Yes, but you don't NEED a 4wd SUV to get through 8 inches of fresh snow.  Any of the admirable range of smaller all-wheel-drive Subaru stationwagons or even smaller hatchbacks won't even break sweat in conditions like that.

Ultimately, I don't care if you drive an SUV, because you do not directly affect me and my driving habits.  The only person directly affected is YOU.

If you have the cash to fill up your tank, then you go for it!  I'm sure you don't need the extra money anyway!

Also, OilHog, what you describe is actually a valid use of an 4WD SUV.  It would make no sense at all to tell a contractor that he has to use a 2WD Toyota Corrolla to travel to a building site that doesn't even have a road going to it!

What I and the other 'treehuggers' are complaining about is the Mom in downtown metropolis using her 4WD SUV to drive her kids across 3 city blocks to their school and back.

Here in NZ there is a posh suburb in Auckland called 'Remuera' and this type of vehicle driving around Auckland (without a speck of mud on it) is known as the 'Remuera tractor'!

Have a good one!

You may pay the fiscal bill now, but it will be your children that will probalbly shoulder the environmental cost. If you want to dance with the devil, someone has to pay the bill.

When you take a breath of that fresh mountain air, that's a privilge, not a right.  Is it your right to make lifestyle choices that will ultimatly affect the ability of others to live in an environment where they can't breathe the air and eat the food ?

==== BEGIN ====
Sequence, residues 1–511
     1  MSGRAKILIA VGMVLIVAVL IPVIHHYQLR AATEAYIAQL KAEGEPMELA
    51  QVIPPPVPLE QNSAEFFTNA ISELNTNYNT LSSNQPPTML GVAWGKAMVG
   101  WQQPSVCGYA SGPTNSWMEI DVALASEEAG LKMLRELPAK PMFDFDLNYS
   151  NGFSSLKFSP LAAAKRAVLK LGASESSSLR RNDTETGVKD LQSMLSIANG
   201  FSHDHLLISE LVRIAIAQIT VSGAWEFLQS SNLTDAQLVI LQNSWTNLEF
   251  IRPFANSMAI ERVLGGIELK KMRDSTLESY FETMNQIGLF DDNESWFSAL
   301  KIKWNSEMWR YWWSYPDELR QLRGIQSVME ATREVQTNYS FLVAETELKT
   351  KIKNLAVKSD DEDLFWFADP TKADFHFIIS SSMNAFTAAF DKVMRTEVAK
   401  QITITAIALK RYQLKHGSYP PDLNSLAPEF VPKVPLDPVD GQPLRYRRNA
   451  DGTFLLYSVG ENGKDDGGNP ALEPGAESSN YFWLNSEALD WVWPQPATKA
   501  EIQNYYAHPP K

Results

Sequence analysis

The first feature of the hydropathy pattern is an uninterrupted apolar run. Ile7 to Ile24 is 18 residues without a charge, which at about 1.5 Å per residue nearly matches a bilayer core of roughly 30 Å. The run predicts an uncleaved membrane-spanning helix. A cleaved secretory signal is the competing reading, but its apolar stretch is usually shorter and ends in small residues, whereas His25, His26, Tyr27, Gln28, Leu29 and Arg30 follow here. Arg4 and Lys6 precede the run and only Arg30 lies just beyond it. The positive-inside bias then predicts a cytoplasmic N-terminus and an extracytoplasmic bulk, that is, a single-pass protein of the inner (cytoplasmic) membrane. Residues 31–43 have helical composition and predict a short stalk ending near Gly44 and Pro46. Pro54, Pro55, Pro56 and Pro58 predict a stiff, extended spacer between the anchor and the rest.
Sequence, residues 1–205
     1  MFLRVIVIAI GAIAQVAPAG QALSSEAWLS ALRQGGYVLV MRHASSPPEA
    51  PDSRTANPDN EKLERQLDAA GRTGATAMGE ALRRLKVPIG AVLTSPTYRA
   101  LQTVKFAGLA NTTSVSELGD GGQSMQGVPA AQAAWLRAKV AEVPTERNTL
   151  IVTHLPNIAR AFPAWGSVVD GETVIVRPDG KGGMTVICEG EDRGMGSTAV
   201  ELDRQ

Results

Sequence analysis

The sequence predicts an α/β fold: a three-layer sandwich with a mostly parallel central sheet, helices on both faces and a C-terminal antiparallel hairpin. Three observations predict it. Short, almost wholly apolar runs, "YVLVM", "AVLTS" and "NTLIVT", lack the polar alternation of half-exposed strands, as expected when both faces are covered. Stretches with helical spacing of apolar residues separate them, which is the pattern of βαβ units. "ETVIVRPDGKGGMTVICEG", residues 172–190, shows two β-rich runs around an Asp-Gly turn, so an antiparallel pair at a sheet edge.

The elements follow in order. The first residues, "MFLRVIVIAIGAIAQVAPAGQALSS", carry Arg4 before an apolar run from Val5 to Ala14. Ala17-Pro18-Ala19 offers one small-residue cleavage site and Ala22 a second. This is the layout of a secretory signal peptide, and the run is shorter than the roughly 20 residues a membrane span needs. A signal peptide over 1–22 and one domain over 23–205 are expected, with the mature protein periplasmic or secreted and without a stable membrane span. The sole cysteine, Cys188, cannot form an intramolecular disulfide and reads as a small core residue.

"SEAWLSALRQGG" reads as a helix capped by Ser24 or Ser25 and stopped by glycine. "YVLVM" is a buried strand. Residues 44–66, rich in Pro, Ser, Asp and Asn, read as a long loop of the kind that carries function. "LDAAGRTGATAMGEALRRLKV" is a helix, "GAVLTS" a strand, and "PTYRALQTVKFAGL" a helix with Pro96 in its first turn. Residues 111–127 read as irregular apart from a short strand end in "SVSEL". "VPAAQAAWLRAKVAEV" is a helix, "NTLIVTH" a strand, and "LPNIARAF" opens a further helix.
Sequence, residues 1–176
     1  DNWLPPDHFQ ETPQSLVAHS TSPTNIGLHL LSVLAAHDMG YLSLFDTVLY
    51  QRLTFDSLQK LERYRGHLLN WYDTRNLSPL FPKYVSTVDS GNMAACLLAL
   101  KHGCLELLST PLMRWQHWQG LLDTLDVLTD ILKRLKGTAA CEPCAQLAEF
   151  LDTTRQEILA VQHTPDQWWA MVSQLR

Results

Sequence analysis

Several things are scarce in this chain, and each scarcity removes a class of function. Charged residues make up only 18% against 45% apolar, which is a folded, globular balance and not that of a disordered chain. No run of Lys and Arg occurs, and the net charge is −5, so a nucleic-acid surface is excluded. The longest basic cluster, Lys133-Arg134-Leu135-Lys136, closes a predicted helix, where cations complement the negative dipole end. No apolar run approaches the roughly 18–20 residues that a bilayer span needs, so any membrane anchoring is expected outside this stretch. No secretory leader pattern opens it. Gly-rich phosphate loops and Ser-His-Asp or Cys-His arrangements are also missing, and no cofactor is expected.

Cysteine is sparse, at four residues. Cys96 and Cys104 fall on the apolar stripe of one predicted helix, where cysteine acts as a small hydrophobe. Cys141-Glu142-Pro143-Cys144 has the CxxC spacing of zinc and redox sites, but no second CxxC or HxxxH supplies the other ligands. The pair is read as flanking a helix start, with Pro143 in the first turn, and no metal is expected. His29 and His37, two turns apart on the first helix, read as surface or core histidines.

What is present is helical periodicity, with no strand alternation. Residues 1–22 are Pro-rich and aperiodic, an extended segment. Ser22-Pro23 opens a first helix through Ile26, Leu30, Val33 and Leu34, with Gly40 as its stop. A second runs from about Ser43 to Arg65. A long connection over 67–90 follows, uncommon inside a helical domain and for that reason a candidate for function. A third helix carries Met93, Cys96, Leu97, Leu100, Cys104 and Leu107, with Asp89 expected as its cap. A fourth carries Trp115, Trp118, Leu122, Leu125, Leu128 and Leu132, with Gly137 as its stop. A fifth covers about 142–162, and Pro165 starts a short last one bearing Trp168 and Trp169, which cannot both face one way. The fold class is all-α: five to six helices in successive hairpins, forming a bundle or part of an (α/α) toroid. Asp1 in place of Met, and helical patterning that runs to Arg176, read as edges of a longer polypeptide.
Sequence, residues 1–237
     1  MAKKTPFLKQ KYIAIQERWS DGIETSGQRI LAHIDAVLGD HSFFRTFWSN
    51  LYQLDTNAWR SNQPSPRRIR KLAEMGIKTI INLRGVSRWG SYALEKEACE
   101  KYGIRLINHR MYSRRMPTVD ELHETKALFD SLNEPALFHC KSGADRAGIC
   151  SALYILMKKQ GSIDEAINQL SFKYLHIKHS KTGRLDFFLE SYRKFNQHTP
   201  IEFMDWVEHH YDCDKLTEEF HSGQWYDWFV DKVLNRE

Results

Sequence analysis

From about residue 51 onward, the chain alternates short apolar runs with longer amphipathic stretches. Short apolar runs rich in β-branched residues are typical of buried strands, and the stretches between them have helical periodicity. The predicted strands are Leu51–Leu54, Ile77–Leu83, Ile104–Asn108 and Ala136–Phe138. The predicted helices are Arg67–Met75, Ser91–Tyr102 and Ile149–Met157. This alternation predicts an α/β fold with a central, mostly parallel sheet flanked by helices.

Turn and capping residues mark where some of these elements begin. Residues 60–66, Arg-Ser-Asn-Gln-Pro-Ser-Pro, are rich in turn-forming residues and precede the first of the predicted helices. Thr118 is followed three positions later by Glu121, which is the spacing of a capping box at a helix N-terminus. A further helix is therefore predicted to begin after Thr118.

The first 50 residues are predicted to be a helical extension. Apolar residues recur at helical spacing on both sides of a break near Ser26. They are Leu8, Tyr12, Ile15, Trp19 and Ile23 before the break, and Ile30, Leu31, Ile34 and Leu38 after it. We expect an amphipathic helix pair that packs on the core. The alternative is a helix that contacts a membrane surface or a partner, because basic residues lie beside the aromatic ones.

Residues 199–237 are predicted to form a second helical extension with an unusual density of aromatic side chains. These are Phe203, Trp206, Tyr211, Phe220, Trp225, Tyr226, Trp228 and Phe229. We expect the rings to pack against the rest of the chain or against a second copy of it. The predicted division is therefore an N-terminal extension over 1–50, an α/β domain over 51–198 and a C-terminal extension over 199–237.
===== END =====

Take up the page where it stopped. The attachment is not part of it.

SUV's are a small part of a very large problem. 4WDs are an integral part of rural life, I accept that, but Are SUV's a vital part of city living ?

How does the choice of a consumer in a global market affect my life? It's spring here in NZ, and the hole in the ozone over Antartica is breaking up. That hole was caused largley by CFC's released in the northern hemishere. It means we get increased levels of UV and consquently skin cancer among other delights. When GWB stated that the kyoto protocol does not apply to the developed world, had anyone explained to him that one of the major impacts of climate change will be more hurricanes of greater severity...

Questioning the need for SUV's is critcal as part of the process towards changing the way we, and therefore those that come after us will live.  

I hope this isn't out of line. If it is I ask the moderator to delete it.

I've told this joke to two business acquaintances:

I point to a very large SUV and say "Wow, I didn't know they made p***s that small!"

In each case they had just purchased a very large SUV. Quite embarrassing (but kind of fun).

Lots of new SUV's here in Spain.  Not as many as in the US, but there's a clear growing trend.

Gas is more expensive (5$ a gallon) than in the US, cars are more expensive (many SUV's over 70000$) and salaries are lower.